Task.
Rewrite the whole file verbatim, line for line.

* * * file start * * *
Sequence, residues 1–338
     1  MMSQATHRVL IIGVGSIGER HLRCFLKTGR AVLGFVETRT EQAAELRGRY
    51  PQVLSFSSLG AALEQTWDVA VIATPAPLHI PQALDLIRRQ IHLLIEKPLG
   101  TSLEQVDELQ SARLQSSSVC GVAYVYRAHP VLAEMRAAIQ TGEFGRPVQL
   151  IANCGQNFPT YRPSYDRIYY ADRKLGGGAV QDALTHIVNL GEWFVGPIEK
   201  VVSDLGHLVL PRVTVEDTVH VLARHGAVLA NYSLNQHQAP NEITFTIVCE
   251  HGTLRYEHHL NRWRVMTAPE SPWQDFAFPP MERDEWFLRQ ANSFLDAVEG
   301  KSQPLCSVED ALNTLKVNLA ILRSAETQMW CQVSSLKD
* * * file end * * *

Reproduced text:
Sequence, residues 1–338
     1  MMSQATHRVL IIGVGSIGER HLRCFLKTGR AVLGFVETRT EQAAELRGRY
    51  PQVLSFSSLG AALEQTWDVA VIATPAPLHI PQALDLIRRQ IHLLIEKPLG
   101  TSLEQVDELQ SARLQSSSVC GVAYVYRAHP VLAEMRAAIQ TGEFGRPVQL
   151  IANCGQNFPT YRPSYDRIYY ADRKLGGGAV QDALTHIVNL GEWFVGPIEK
   201  VVSDLGHLVL PRVTVEDTVH VLARHGAVLA NYSLNQHQAP NEITFTIVCE
   251  HGTLRYEHHL NRWRVMTAPE SPWQDFAFPP MERDEWFLRQ ANSFLDAVEG
   301  KSQPLCSVED ALNTLKVNLA ILRSAETQMW CQVSSLKD